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"Getting a Grip on the Numerical World: Kinesthetic Interaction with Simulations to Support Collaborative Discovery in Systems Biology"
Jul 17, 2013 | Atlanta, GA
Alexandra Mazalek, associate professor and Director of Graduate Studies in the School of Literature, Media, and Communication, received a three-year National Science Foundation grant in July 2013.
Her project draws on recent work in embodied cognition, which suggests that the process of building models--particularly models with dynamic visualizations--can aid conceptual understanding in complex problem domains.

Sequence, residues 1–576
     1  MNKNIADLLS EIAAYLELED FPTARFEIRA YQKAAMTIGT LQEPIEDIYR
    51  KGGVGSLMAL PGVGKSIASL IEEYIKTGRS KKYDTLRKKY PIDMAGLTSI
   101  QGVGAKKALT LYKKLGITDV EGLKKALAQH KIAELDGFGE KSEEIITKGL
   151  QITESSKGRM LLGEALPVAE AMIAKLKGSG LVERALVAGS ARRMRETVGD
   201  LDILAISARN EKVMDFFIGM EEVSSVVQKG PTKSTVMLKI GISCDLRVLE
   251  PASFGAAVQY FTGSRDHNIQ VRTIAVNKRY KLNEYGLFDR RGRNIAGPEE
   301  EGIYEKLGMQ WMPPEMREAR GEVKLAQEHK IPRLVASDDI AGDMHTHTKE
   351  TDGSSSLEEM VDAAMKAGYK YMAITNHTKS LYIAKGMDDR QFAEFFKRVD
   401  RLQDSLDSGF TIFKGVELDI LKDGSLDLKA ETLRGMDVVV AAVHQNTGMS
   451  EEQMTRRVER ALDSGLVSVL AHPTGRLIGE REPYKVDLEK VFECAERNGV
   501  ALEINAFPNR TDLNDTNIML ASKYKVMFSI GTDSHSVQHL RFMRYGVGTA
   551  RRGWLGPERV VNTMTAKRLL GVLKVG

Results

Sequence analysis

Ali's team will develop a system to support and enhance collaborative discovery by re-representing abstract scientific problems in an embodied way. The proposed system will allow researchers to couple visuo-spatial skills with computational techniques to develop understanding and collaborate to model complex biological systems. Simultaneously, the project will develop techniques to support collaborative modeling in science and engineering. The project will thus test how theories from embodied cognition can inform interaction design and create explicit knowledge about how collaborative discovery happens in the sciences.